Brianna Berbenuik likes to shoot guns and track nuclear disasters. She’s a 20-something misanthropist and student of Slavic Studies at the University of Victoria in British Columbia. She is an avid fan of kitschy pop-culture, terrible Nic Cage movies, the philosophy of Slavoj Zizek, and Freud. You can find her at Love & Darkness & My Side-Arm. All of the above can be deemed occasionally unsafe for work. In this provocative essay, Brianna manages to get Bret Easton Ellis, Chuck Palahniuk and Gore Vidal on the same page and make sense of that collision. It’s an essay about culture, about the end of one culture and the coming of the new and the message loops that whirl in the space between. (See her essay on Tyler Durden and the Fight Club Identity Crisis here,)
People are afraid to merge on freeways in Los Angeles.
People are afraid to merge.
This refrain appears throughout Ellis’s seminal work Less than Zero; to put it simply: a novel about a group of entitled and privileged white kids doing drugs and fucking in the 1980’s. Certainly it is about much more, and it is a paranoid, dubious novel of mounting suspicion and tension with no heroics and no payoff.
You’d think that reading about poor little rich LA kids would be annoying, enraging and most of all, boring. (Although if you’re like me and follow White Whine on tumblr, you might actually think the opposite.)
But it’s not boring — not when Ellis is behind the novel.
Last year he released the follow-up to Less than Zero, a novel titled Imperial Bedrooms. It’s been a long time coming since in between his first novel and Imperial Bedrooms Ellis wrote classics like The Rules of Attraction and American Psycho, rising to prolific and cult status in the popular culture of North America. Imperial Bedrooms follows Less than Zero‘s “protagonist” Clay who is now all grown up and successful. Coinciding with the release of this novel, Ellis coined the ideas of “Empire” and “Post-Empire”.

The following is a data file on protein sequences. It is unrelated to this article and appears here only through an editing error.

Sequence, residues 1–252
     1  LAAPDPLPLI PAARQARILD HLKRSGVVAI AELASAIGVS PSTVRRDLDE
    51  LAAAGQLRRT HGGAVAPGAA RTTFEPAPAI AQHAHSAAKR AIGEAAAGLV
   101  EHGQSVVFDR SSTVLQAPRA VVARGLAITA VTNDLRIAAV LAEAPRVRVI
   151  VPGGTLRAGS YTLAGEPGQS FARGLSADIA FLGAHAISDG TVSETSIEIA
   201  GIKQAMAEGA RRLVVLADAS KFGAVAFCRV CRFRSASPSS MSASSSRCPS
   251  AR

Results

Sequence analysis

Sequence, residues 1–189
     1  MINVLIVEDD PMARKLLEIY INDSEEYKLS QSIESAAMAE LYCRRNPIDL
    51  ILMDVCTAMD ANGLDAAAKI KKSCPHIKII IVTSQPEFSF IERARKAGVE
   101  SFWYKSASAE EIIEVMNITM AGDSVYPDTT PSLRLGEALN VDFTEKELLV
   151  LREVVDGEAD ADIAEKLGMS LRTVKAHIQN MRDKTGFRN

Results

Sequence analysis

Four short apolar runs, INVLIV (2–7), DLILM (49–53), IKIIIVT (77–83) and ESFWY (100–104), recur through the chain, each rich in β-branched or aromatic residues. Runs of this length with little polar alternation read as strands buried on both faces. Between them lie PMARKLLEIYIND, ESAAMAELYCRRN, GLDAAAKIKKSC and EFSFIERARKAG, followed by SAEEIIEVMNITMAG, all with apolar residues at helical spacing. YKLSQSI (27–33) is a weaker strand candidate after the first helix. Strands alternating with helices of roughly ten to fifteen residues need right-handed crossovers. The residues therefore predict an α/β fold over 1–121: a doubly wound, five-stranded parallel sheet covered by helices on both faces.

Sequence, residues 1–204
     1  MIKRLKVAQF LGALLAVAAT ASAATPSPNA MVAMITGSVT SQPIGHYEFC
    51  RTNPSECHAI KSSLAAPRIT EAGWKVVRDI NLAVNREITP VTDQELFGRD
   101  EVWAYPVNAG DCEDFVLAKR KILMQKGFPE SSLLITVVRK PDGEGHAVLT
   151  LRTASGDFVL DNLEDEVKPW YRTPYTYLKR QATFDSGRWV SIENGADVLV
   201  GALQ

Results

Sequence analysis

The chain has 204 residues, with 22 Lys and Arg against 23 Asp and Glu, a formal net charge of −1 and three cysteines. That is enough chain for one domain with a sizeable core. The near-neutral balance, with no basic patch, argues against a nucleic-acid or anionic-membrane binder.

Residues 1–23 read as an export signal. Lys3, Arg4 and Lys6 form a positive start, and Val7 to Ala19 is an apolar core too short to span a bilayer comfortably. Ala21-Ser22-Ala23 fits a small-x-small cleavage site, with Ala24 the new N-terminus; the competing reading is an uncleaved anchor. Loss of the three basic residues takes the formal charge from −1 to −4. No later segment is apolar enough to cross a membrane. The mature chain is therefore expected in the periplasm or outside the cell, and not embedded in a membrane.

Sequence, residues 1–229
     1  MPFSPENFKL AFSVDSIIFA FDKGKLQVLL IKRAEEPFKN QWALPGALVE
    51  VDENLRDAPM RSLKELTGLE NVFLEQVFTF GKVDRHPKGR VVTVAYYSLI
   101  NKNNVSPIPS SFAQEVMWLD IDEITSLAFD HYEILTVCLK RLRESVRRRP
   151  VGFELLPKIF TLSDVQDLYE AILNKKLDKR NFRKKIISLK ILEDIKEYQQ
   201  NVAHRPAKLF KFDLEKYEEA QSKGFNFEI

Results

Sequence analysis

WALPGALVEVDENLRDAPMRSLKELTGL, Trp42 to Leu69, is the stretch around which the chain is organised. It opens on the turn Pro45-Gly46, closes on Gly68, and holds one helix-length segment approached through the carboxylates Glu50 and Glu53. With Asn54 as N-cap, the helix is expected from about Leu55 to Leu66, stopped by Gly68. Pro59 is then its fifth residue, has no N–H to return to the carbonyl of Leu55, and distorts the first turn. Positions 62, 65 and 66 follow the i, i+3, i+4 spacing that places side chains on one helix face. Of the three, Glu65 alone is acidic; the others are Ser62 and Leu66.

It’s no secret that American essayist, author, playwright/screenwriter and political activist Gore Vidal heavily influenced these ideas. Even the title of Imperial Bedrooms is likely influenced by Vidal, who wrote a book called Imperial America and said, “The empire is collapsing.” You don’t really need to be acquainted with Vidal’s ideas in order to understand Empire and Post-Empire, though. Vidal more or less elucidates the concepts in a socio-political light. Ellis does it in a much more interesting way: through pop culture.
Ellis places Empire America circa 1945-2005. Empire is essentially complete delusion: misguided ideas and inordinate investment in the power of celebrity; patronizing political correctness that actually covers up insidious oppression and hides truly damaging opinions. An overall denial of the ultimate frailty and delicateness of human existence. An attitude of self-righteousness and indestructibility, hiding behind politically correct outrage.
The Empire is collapsing.
Ellis has really only elucidated the ideas of Empire and Post-Empire via example. Things that are Post-Empire, according to Ellis? Twilight, Jersey Shore, Charlie Sheen’s breakdown, Tracy Morgan saying he’d kill his son if his son turned out to be gay.